Dinengdeng & Pinakbet

Gloria Evangelista Cajigal: A Second Mom to Good Shepherd’s Youth & Young Adults.

Gilbert S.C. Keith-Agaran

On All Saints Day weekend, Gloria Evangelista Cajigal passed at the age of 66. The Baldwin High School Class of 1972 graduate left behind her husband of many years Ferdinand Cajigal and children Jeremy, Karissa and Lareina, and grandchildren Rylan, Piercen, Chevy and Levi. She also left a mother, a brother, a sister, nephews and nieces from the Evangelista family and members of her husband’s clan—the Magbuals.

Gloria Evangelista Cajigal, May 3, 1954–November 2, 2020.
Photo: Basilia Evangelista

Gloria had a knack for pulling you into a task. When she invited some of my nieces to a church retreat weekend on O‘ahu, she “invited” me to go along as a chaperone. She was always inviting people who came into the life of the parish to get involved. It was one of her many spiritual gifts.

At a Compline service, Good Shepherd Episcopal Church’s young adults and others from Maui, O‘ahu and the mainland—Father Moki Hino†, Ervin Pasalo, Zyra Dela Cruz, Father Ernesto Pasalo, Jr.†, Leigh Corpuz, Rheena Acidera Campbell, Sheena Garo, Tiani Santiago Luning, Danny Acidera, Mary Grace Basig, Christian Evangelista, Brandon Cacayorin and Father Marvin Foltz†—shared some thoughts on Gloria’s impact. As in many parishes, folks can identify key people breathing life into the faith community. For Wailuku’s Good Shepherd (and the Episcopal Diocese of Hawai‘i), Gloria was one of those faithful Saints.

For many years, Gloria spearheaded the youth and young adult ministries at the Church and volunteered at many of the other activities at the church—Barrio Fiesta (almost another Sacrament at the Parish), Ka ‘Ohana Kitchen, Sunday School, Vacation Bible School, Adopt-A-Highway, Study Halls, Relay for Life, Acolyte Ministry, Fellowship Hour, Halloween, First Friday, Bell Choir, Maui Foodbank Fundraisers, Palm Sunday palm weaving, Christmas Caroling and Easter Vigil and Christmas Pageants. If the parish had an event, you would usually find her there.

Gloria was a constant chaperone for Good Shepherd’s youth at various events including on O‘ahu.
Photo courtesy Good Shepherd Episcopal Church
For many tens of years, Glora supervised Good Shepherd’s youth at Lock-In and other events.
Photo: Alfredo Evangelista

During the Compline service, they testified to her role in making the light of Christ real in their lives. Whether it was coaxing and prodding attendance at New Beginnings or Happenings in a loving fashion, they recall her gentle persistence in inviting them. “She was a gracious and good person in every sense of the word.” “She gave us opportunities to move out of our comfort zone.” “She identified leadership traits in me that I didn’t know myself.”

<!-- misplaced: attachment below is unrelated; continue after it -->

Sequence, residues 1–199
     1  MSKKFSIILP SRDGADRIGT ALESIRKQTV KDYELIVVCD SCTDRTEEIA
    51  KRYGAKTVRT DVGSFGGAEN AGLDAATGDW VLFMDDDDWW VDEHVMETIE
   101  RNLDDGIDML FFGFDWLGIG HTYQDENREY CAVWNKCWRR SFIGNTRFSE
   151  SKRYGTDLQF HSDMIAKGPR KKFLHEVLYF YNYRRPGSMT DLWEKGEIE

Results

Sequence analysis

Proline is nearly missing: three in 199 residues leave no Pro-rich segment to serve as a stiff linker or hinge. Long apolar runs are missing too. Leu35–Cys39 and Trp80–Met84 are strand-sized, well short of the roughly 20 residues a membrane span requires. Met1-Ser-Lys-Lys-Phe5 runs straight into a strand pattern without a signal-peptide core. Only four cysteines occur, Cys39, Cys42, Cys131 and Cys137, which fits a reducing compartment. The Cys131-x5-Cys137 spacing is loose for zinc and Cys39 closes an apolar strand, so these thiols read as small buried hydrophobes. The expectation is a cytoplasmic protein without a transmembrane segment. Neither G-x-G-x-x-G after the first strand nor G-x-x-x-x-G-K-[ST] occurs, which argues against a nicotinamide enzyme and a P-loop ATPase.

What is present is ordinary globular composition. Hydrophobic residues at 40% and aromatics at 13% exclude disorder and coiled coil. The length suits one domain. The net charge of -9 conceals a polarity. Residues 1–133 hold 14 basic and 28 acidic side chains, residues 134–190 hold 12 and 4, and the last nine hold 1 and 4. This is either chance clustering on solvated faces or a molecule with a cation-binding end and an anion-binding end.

Gloria influenced them to step up as leaders in the church and in many ways, to help them discern their gifts and to open up their dreams and aspirations.

They also shared some poignantly funny memories.

Working tirelessly, the youth noticed over the years Gloria had the uncanny ability to steal “power naps” anywhere and anytime—including tables at hotel laundry rooms waiting for clothes to dry. Dedicated to getting things done, they testified sleep often seemed “the furthest thing from her mind.” But when she was with the youth, she was present.

She would read Robert Munsch’s “Love You Forever” as a “bedtime story” and eventually would tear as she got through the story. By the end of the story, many of the youth would be crying with her. One person shared he now reads the same story to his own child. “I’ll love you forever. I’ll like you for always. As long as I’m living, my baby you’ll be.”

Gloria together with her husband Ferdinand headed Good Shepherd’s Barrio Fiesta participation.
Photo: Alfredo Evangelista
Gloria anchored Good Shepherd’s Bell Choir, playing C.
Photo courtesy Good Shepherd Episcopal Church

Ultimately for many of them, Gloria was not just “Mom” from New Beginnings weekend, she was the Second Mother in their childhood. She was naturally motherly, taking an interest in their lives. She got them first summer jobs. She prodded them to become leaders in the parish, the diocese, the province and nationally (and to show them how to plan and run events in the future). She expanded their outlooks and allowed them to connect with other younger Christians throughout the islands. And she allowed them to see Christ in her own life.

As Scottish poet Thomas Campbell once observed, “To live in hearts we leave behind is not to die.”
Rest in love, Gloria.

Gilbert S.C. Keith-Agaran serves as the State Senator for the communities of Kahului, Wailuku, Waihe‘e, Waikapū and Waiehu. During the 2020 Election season, he took a leave of absence as a regular columnist for the Fil-Am Voice. The people of Central Maui re-elected him on November 3, 2020.